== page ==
16. #96
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    Hi Bleach



    I watched "A Night To Remember" years ago and, as so many more members have already stated, Kenny More was outstanding. In glorious b & w this version didn't need all the love interest, Hollywood type of gloss etc to be effective. Kenny More gave his usual, competent British 'steady as she goes' performance in this well directed 50s film. What a great pity that the Rank Organisation didn't produce more of the same at Pinewood-they might still be in the film business! As for "Sink The Bismarck", again, Kenny More gave another stirling performance, quiet, dignified and determined to bring an end to the threat of the Bismarck-you can almost feel the relief at the end of the film when he walks across Trafalgar Square.



    CliveT

  17. #97
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    Quote Originally Posted by CliveT
    Hi Bleach
    I watched "A Night To Remember" years ago and, as so many more members have already stated, Kenny More was outstanding. In glorious b & w this version didn't need all the love interest, Hollywood type of gloss etc to be effective. Kenny More gave his usual, competent British 'steady as she goes' performance in this well directed 50s film. What a great pity that the Rank Organisation didn't produce more of the same at Pinewood-they might still be in the film business! As for "Sink The Bismarck", again, Kenny More gave another stirling performance, quiet, dignified and determined to bring an end to the threat of the Bismarck-you can almost feel the relief at the end of the film when he walks across Trafalgar Square.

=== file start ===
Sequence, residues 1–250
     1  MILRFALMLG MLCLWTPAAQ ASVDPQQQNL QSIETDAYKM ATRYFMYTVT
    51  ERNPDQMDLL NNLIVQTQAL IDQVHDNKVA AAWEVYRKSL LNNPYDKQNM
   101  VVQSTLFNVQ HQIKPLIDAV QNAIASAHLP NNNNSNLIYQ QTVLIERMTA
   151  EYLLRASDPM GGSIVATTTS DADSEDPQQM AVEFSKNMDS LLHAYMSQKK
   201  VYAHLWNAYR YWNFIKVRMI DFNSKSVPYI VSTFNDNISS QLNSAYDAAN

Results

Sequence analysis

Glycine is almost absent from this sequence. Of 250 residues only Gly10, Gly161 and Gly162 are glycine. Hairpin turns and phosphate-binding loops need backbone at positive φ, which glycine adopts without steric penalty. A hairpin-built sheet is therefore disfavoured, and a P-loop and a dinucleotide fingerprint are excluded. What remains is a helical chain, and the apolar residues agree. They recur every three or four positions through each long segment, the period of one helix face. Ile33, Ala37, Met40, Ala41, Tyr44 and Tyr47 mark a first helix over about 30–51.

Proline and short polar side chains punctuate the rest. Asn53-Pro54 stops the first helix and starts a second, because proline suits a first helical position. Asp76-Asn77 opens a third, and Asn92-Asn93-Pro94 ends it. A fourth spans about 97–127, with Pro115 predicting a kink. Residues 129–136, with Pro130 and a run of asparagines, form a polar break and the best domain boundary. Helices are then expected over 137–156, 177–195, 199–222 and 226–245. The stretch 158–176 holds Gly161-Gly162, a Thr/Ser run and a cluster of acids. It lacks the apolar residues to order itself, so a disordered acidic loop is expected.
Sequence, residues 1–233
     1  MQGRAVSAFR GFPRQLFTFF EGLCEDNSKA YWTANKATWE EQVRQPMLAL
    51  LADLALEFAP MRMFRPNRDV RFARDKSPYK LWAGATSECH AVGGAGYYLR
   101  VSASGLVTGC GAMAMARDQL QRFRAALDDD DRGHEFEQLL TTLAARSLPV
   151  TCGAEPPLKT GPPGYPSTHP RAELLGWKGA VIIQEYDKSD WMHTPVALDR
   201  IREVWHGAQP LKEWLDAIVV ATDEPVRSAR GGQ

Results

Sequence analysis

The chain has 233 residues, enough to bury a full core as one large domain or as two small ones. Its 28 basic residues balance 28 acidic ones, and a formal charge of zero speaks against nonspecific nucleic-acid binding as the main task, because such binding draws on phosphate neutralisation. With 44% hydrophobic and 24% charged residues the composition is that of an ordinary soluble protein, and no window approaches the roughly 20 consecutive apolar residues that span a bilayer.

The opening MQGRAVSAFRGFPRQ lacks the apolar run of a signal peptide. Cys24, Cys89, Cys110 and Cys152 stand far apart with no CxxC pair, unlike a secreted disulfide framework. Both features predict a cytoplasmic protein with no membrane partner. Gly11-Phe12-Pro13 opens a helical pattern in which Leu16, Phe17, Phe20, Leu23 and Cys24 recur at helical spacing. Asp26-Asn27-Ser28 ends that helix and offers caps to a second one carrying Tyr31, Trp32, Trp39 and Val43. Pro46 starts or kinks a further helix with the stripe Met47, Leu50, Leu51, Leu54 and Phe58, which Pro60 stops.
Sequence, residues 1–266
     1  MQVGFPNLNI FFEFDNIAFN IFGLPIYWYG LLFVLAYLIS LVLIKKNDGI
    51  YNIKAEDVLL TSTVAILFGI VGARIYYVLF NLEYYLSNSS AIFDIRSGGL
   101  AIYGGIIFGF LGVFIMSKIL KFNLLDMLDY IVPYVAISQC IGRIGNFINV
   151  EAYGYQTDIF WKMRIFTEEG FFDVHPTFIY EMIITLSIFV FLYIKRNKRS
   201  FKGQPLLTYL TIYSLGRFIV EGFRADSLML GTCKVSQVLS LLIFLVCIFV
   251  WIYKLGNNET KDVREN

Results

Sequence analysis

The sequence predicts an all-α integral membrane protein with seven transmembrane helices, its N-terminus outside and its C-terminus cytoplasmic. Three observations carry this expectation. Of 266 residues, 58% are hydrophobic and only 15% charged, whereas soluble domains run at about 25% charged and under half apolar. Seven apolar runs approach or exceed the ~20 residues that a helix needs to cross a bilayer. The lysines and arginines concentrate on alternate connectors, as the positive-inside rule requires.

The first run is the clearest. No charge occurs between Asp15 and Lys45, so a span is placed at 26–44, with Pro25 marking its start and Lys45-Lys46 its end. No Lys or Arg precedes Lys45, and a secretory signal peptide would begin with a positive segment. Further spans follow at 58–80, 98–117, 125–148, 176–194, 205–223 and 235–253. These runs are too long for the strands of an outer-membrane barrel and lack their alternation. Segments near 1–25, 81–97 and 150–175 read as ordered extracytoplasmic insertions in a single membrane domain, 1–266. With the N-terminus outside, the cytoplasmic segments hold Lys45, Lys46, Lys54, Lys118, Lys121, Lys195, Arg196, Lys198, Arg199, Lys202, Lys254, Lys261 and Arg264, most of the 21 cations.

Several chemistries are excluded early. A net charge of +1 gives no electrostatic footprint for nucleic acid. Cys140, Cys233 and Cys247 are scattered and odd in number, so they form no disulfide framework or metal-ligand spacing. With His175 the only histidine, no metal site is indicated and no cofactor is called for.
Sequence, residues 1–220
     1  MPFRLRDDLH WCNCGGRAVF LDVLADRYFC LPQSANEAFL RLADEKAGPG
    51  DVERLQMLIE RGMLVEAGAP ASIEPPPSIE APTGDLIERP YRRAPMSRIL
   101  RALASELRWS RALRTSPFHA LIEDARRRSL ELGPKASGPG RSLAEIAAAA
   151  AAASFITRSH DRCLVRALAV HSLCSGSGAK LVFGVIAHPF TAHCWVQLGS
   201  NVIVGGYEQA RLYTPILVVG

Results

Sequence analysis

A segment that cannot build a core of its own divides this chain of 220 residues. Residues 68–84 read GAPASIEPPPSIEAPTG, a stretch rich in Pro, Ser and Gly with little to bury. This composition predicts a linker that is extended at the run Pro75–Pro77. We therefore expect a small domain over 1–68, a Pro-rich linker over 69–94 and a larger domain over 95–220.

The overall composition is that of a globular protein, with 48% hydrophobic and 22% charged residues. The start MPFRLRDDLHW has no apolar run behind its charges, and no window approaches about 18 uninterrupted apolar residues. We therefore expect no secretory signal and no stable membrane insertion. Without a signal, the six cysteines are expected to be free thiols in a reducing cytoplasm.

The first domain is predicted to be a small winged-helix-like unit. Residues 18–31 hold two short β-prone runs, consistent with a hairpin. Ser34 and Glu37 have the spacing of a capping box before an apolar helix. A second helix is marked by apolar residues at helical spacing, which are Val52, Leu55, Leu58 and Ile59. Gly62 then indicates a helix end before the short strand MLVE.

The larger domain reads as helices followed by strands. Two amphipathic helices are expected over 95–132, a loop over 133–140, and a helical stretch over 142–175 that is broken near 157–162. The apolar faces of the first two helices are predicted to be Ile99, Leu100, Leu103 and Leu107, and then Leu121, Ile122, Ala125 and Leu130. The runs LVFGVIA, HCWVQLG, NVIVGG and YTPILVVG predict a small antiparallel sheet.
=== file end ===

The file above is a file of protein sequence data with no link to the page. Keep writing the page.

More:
CliveT
    While agreeing that Kenneth More gave a very good performance in NTR, I feel, above all, it was a wonderful ensemble piece, full of (now) well-known faces playing small parts with no grandstanding. Something British movies excel at IMHO.


  18. #98
    Senior Member Country: Australia ShirlGirl's Avatar
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    I think Kenneth More is one of the most underrated of British actors. He had a lot of good roles and always seems to have been well-cast. I doubt anyone else could have bettered him as Douglas Bader, he was excellent. And so funny/adorable in Genevieve. I've just been looking at his filmography in IMDb; I didn't realise just how many very good movies he made - and I believe I've seen every one of them! I don't think he missed out on anything by not getting the part in Guns of Navarone - an awful film IMO.

  19. #99
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    Hi Shirlgirl



    Kenny More did appear in a lot of good pictures and, apparently after the success of "Reach For The Sky" people in the industry were urging him to try his luck in the US of A. Kenny More conquering Hollywood, the more (no pun intended!) I think about it, if he had gone to Hollywood I don't think he would have seen any great success. I think KM was too British & would have ended up as Alan Napier did, i.e. playing butlers, manservants etc for years, just my theory though. Perhaps his intention to be in "The Guns of Navarone" would have given him exposure to US audiences but, John Davis put a stop to that possibility. I obviously don't know the ins & outs about KM & not appearing in "Navarone", but, John Davis was well known for being a 1st rate a....hole at Rank & was widely despised as the boss. As for "Navarone" it was a Boy's Own adventure and I enjoyed it immensely, I was about 12 years old when it was screened at the local Odeon.



    Clive

  20. #100
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    Quote Originally Posted by CliveT

    John Davis was well known for being a 1st rate a....hole at Rank & was widely despised as the boss. Clive
    Wasn't the hated Davis parodied in 'Peeping Tom' as Don Jarvis?



    Steve?